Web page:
(Bloomberg) -- Brazilian government officials are pushing Petroleo Brasileiro SA to slash jet-fuel prices as part of an intensifying campaign to make the state-owned oil company help control inflation.
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Silvio Costa Filho, minister of ports and airports, and tourism minister Celso Sabino are blaming high jet-fuel costs for the roughly 24% jump in airline ticket prices last month in Brazil. Petrobras, they said, should do more to bring them down.
“We are working to combat abusive air ticket prices,” said Costa Filho, in a phone interview on Tuesday. “Aviation kerosene accounts for about 40% of the cost of flight in Brazil, while in the world, it’s about 20%.”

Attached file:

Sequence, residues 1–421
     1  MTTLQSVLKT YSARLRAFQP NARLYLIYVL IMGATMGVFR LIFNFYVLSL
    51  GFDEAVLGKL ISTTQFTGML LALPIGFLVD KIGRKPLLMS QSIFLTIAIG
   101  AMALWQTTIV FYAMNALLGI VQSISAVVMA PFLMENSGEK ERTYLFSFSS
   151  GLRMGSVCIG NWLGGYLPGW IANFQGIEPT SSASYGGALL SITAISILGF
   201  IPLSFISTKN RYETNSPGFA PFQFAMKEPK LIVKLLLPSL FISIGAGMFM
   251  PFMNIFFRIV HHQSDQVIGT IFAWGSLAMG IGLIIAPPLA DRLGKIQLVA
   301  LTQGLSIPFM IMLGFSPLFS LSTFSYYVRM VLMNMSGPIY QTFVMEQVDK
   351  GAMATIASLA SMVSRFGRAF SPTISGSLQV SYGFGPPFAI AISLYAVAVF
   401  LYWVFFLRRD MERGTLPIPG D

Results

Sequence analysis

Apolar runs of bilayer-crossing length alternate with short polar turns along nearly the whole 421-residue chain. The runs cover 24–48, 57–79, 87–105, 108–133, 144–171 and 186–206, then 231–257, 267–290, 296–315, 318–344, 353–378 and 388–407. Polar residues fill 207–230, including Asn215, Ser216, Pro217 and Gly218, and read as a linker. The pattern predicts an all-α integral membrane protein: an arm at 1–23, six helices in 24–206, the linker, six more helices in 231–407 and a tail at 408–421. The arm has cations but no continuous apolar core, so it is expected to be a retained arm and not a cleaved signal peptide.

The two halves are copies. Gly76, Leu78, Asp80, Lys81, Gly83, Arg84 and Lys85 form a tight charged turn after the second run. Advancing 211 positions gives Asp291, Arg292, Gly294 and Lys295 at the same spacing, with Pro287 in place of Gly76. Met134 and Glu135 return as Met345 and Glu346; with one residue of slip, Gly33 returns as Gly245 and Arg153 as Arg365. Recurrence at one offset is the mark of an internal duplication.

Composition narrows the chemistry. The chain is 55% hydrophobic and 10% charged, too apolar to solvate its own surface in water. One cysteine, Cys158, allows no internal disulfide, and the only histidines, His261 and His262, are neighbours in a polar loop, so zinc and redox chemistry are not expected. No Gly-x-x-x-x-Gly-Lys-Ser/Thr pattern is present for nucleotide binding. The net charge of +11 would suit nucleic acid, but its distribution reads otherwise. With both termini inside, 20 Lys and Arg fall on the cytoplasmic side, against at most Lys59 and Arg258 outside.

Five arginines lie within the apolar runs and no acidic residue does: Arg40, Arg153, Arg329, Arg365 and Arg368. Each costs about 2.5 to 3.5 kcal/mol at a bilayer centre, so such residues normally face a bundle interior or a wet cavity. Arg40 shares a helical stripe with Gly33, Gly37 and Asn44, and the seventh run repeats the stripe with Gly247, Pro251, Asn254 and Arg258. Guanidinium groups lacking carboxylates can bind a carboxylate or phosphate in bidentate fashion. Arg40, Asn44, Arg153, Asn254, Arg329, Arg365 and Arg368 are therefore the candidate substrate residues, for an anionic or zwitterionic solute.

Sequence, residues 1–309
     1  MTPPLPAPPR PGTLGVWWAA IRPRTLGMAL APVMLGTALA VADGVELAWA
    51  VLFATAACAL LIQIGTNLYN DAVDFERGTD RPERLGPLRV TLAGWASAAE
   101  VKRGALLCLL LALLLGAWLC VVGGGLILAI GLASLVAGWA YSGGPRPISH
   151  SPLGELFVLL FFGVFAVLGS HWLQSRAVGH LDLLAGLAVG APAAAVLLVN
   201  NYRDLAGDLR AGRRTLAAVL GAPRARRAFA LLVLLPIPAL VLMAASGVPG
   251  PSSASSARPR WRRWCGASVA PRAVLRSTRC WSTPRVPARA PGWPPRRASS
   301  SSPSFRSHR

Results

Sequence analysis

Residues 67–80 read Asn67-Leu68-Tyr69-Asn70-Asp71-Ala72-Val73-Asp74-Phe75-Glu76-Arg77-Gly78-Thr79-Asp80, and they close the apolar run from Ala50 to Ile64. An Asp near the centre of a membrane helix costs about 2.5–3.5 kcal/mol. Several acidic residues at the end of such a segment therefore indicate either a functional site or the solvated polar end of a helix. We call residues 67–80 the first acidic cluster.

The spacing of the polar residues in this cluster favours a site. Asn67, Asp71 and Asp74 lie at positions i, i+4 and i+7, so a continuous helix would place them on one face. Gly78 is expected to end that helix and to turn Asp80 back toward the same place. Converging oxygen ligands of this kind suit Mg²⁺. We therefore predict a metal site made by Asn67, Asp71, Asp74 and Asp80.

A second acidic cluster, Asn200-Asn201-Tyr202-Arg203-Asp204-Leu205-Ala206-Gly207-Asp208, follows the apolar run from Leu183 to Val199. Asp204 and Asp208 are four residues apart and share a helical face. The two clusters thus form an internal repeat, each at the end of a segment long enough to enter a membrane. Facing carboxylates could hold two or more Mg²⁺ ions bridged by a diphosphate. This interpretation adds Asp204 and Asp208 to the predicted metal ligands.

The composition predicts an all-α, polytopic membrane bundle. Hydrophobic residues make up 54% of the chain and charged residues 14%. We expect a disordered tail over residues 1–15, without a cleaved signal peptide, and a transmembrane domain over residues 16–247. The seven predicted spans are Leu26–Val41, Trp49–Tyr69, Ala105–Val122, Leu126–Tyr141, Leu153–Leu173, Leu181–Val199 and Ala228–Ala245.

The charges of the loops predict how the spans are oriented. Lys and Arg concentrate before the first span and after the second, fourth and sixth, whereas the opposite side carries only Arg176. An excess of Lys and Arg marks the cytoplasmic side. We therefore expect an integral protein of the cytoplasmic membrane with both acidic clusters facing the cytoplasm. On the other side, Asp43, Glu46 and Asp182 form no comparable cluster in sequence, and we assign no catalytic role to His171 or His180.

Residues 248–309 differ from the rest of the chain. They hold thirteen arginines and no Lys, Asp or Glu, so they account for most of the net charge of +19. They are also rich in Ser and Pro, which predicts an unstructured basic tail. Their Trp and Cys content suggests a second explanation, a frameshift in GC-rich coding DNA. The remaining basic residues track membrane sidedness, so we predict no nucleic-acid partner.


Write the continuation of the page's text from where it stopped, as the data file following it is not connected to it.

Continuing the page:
The two ministers join a chorus of officials trying to browbeat Petrobras into aligning its efforts with President Luiz Inacio Lula da Silva’s push to fight inflation and boost Brazil’s economy. The company, however, has resisted a wholesale shift in strategy, leading to growing dissatisfaction within the government of Chief Executive Officer Jean Paul Prates, according to people familiar with the situation.
Prates met Tuesday afternoon with Lula and several administration officials, including Brazil’s finance minister, the minister of mines and energy and the president’s chief of staff.
Afterward, the CEO said the focus of the meeting was the five-year investment plan that Petrobras intends to unveil Thursday. The officials, he said, didn’t ask him to lower fuel prices.
“There is no such request,” the CEO told journalists.
Read More: Petrobras CEO Under Fire as Brazil Seeks to Tame Inflation
--With assistance from Andrew Rosati.
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